Securing client operating systems

 
The following excerpt, courtesy of APress, is from Chapter 4 of the book "Active Directory Field Guide" written by Laura E. Hunter. Click for the complete book excerpt series or purchase the book.



Securing Client Operating Systems

Another useful item in the Group Policy bag of tricks is that you can use it to create a standard security configuration across your entire network, without needing to visit individual machines to repeatedly perform the same configuration. (We all know how tedious that is, not to mention error-prone.) By using security templates, you can create a security policy for your entire network or for a smaller group of similarly configured computers. You can do this using one of the predefined security templates included in the Windows 2000 or 2003 OS, or you can modify one of these templates or even create a brand new one containing the specific security settings that you need. Security templates can be used to define the following components:

  • Account policies
  • Password policies
  • Account lockout policies
  • Kerberos policies
  • Local policies
  • Audit policies
  • User rights assignments
  • Security options
  • Event log settings
  • Restricted groups settings
  • System services: startup modes and permissions
  • Registry key permissions
  • File and folder permissions

    In this section, we'll look at the steps for implementing security templates on an Active Directory network. The process begins with analyzing the current security settings on various machines on your network, creating or modifying a security template containing your desired settings, and then importing that template into Group Policy so that it can be rolled out to your entire network.

    Analyzing Current Security

    You can analyze the security settings on any machine in one of two ways: either by using the MMC, or through the secedit command-line utility. The Security Configuration and Analysis console (which I'll refer to as SCA from this point on) isn't one of the default consoles installed in your Administrative Tools folder; you'll need to open a blank MMC console in author mode (enter mmc /a from the Run line) and use the File ➤ Add/Remove Snap-in menu command.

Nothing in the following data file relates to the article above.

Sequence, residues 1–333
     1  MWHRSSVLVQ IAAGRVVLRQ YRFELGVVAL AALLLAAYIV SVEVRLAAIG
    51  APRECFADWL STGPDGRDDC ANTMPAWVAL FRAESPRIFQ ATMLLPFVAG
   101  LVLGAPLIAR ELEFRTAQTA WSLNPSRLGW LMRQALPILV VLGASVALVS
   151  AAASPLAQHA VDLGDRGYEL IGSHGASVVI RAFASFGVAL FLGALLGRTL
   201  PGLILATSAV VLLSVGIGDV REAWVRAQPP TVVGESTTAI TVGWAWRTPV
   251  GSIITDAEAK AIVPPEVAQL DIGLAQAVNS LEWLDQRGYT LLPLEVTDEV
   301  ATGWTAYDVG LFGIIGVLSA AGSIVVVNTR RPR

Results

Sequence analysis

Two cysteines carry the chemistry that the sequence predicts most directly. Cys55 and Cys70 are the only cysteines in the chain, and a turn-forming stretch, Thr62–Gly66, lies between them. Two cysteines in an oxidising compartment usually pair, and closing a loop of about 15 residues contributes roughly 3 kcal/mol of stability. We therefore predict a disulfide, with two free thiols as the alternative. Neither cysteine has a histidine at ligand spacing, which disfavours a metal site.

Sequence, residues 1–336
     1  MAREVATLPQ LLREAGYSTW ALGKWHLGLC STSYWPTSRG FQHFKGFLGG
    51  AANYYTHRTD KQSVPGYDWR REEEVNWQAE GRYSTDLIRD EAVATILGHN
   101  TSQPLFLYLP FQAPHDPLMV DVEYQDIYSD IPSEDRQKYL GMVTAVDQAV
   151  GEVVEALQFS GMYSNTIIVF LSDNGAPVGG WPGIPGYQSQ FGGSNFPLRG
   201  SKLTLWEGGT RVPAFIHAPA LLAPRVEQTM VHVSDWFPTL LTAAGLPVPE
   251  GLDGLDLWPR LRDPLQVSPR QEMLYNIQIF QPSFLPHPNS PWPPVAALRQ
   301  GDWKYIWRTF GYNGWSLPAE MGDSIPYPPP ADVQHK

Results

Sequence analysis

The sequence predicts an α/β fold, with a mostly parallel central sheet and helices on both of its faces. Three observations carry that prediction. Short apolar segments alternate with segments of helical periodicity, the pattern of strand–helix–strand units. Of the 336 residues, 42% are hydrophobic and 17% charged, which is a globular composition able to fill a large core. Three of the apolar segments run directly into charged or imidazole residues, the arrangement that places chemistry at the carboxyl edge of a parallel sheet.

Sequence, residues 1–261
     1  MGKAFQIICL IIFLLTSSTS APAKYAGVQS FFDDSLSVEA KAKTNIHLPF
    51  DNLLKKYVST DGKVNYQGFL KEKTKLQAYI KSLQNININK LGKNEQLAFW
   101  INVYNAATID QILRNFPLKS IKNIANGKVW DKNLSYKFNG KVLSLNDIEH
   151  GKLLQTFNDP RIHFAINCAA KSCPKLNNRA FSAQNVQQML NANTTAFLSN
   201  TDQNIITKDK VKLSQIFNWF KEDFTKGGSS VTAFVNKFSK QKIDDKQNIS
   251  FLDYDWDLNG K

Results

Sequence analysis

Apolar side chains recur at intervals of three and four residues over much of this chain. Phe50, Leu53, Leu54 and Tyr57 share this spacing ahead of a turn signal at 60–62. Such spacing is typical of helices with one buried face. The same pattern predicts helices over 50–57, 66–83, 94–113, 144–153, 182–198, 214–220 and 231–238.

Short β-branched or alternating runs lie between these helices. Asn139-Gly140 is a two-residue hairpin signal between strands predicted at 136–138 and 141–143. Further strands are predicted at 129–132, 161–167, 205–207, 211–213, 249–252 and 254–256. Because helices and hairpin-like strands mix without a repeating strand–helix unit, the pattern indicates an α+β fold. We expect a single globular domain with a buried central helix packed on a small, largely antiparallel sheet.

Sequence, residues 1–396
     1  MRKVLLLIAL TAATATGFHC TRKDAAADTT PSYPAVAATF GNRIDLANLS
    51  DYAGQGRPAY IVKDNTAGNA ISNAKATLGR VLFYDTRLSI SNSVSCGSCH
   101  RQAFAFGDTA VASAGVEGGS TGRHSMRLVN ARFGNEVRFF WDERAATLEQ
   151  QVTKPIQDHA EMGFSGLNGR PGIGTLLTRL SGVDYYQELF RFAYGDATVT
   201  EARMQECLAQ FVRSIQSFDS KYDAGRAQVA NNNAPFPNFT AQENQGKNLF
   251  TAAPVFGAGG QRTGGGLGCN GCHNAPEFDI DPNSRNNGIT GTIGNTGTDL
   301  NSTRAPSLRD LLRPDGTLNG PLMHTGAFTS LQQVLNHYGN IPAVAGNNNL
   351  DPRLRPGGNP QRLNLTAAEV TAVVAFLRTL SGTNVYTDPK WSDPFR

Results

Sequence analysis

NOTE: Since you'll probably be using this tool fairly often, I'd recommend that you save a custom console to your Administrative Tools folder for easy access.

    Using SCA is pretty intuitive since the opening screen provides you with instructions to get started. In order to work with SCA, you'll need to create a database that will store the security template values that you're comparing or applying. If you have an existing database, simply right-click the SCA node and select Open, and then browse to the database file you need. If you're creating a new database, you'll need to do the following:

    1. Right-click the SCA node and select Open Database. (I know it seems counterintuitive to open a database that doesn't exist yet. Trust me, it works.)
    2. Enter the path and name of the SCA database that you want to create, and then click Open.
    3. You'll then need to select the template that you want to compare your current settings against. We'll go into detail about what the different templates do in a later section, but for now the file names should look fairly intuitive:
  • compatws.inf: Used for workstations that need backwards compatibility with legacy applications or networks.
  • dcsecurity.inf: This is created by the operating system when a member server is promoted to domain controller status.
  • iesacls.inf: Allows you to lock down Internet Explorer settings.
  • hisec*.inf: Used for a high-security configuration; hisecdc.inf corresponds to a domain controller, hisecws.inf is for a secure workstation.
  • notssid.inf: Used to remove the Terminal Server user SID from a server that isn't being used for Terminal Services connections.
  • rootsec.inf, setup security.inf: Ignore these for now, we'll discuss them in the "Using Security Templates" section in a moment.
  • secure*.inf: Used for situations where you want a secure configuration, but the settings in the hisec*.inf templates are a bit over-the-top. Sufficient for most environments.

    4. Once you've selected a template, you'll then analyze your computer's security settings compared to those within the template. (The instructions that you see in the SCA GUI at this point describe the steps to configure your computer before the steps needed to analyze it: please, oh please, don't take this literally. You always want to analyze a computer's settings before blindly applying a new template.)
    5. Right-click the SCA node again and select Analyze Computer Now. You'll be prompted for a location to store the analysis results as a .LOG file. Select a location, and then click OK to begin the analysis.